Excerpts from A Life Worth Living – Schizophrenia Alternative Treatment: Part 2 – Looking for Answers
The knowledge that stress brings on the symptoms of schizophrenia and also is behind the first psychotic episode of schizophrenia is simple information but not widely known.
It is very likely that stress affects all areas of the brain but particularly the prefrontal and temporal regions: the same dysfunctional neural regions involved in schizophrenia. The fact that this link is not so often explored by many authors of popular theories about schizophrenia reminds me of the old metaphor that says, “It’s difficult for the fish to see the water around them.” Psychiatrists don’t seem to understand this simple relationship between stress and the progression of the disease and don’t advise their patients accordingly.
People with schizophrenia cannot overcome deep tension. For example, recovery of self-esteem can be long term, adding to their social isolation, sense of alienation, and social defeat. These aspects contribute to the spiral to more stress and anxiety and a deep sense of helplessness.
If I had known this when my son first showed signs of schizophrenia, I would have directed all of my efforts to remove the stress in his life. My son didn’t need to go to a major university, he could have returned to the junior college near his home, which is what he wanted to do once he left the university. Instead of encouraging him to do that and supporting him and his defeated self-esteem, I told him it didn’t make sense for him to return to junior college since he had already graduated with honors. This was logical thinking and totally disconnected from my son’s condition. After that, he isolated himself and told us lies about the education he was pursuing. He felt like he had failed us as well as himself.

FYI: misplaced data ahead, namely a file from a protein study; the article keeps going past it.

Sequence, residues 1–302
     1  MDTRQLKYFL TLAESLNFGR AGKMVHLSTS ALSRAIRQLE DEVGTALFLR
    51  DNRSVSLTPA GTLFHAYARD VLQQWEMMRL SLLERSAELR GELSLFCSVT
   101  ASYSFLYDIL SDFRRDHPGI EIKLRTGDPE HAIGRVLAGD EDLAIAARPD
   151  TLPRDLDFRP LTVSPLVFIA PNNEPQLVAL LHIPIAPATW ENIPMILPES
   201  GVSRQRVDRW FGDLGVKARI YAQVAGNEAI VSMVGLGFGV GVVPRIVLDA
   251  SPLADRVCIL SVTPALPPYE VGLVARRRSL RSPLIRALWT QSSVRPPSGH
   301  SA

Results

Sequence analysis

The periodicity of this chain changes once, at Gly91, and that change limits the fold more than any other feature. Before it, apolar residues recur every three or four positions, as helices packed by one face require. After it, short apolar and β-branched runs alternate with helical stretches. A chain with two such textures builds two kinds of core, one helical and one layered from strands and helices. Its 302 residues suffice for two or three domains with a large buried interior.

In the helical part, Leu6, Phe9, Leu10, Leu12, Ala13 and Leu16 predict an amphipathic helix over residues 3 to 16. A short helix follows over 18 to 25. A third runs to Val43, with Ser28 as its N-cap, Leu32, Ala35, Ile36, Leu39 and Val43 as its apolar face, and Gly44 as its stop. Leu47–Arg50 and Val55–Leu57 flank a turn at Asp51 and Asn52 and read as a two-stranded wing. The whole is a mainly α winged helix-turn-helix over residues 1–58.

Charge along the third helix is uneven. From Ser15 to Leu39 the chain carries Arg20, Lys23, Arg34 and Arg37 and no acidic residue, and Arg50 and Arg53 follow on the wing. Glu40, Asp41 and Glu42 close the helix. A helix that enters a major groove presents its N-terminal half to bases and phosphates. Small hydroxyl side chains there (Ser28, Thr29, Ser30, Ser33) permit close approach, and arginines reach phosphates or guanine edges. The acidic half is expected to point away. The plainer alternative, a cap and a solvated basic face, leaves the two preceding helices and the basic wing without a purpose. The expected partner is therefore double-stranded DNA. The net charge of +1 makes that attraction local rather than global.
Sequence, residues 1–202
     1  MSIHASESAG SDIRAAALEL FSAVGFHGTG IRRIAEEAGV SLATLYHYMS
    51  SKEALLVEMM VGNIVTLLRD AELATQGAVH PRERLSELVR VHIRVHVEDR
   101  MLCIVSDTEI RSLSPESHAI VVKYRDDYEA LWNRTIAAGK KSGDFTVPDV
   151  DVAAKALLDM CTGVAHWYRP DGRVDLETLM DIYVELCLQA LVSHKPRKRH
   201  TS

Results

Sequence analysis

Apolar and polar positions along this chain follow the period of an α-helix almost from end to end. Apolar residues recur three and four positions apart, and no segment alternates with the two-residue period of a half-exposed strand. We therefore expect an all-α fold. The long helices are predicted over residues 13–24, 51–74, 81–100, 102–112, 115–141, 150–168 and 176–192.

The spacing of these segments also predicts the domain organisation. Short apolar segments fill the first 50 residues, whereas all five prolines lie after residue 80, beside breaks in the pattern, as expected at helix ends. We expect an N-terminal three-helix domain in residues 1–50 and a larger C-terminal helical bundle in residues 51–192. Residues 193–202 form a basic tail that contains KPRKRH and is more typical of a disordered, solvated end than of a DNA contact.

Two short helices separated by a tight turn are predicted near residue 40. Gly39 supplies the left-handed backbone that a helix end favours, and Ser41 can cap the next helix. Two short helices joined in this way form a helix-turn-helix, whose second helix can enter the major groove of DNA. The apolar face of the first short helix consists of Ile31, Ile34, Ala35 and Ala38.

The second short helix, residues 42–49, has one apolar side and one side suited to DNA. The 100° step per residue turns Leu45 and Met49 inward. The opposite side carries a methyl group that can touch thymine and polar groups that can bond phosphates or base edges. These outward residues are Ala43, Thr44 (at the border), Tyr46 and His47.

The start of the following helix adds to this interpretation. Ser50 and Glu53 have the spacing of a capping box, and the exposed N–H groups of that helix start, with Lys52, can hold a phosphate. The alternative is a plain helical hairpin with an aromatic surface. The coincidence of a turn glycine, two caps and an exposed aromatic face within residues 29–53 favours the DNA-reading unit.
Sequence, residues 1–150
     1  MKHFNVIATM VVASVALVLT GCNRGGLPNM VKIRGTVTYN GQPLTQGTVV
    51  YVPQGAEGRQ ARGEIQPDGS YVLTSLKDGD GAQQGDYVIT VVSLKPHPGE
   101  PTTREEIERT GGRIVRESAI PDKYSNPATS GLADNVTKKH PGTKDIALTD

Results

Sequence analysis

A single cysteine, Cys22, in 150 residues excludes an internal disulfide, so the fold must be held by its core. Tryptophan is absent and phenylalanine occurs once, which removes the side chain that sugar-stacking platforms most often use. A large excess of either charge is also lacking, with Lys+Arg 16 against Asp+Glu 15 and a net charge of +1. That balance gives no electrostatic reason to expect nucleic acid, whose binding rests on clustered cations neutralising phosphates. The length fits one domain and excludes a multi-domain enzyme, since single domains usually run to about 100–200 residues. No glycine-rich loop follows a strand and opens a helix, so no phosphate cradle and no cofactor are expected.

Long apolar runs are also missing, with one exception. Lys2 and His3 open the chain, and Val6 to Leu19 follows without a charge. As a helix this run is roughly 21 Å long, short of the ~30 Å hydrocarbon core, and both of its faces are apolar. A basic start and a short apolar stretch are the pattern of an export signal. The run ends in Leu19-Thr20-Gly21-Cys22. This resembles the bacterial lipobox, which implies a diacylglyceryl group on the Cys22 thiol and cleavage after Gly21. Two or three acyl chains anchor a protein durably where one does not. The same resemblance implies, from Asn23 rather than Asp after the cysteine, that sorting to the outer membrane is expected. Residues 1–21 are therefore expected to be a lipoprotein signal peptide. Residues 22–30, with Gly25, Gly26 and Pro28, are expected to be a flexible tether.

Early in Marco’s illness, Dr. Mackliff recommended that Marco not attend the university for a year and have the BEAM surgery as soon as possible. He said that studying uses the glucose in the brain, and this imbalance increases the production of adrenaline, thereby increasing stress in his body. This idea seemed too drastic to us at the time, and we had no one to turn to. His psychiatrist flippantly said, “Perhaps, he’ll do fine,” when Marco wanted to start at university. He completed one quarter with straight A’s at a prestigious university, freaked out his roommate and left the university. It was then that he began planning his suicide which he executed two months later.
Stress is a permanent condition in the person with schizophrenia. There is too much adrenaline in the body, and this produces stress.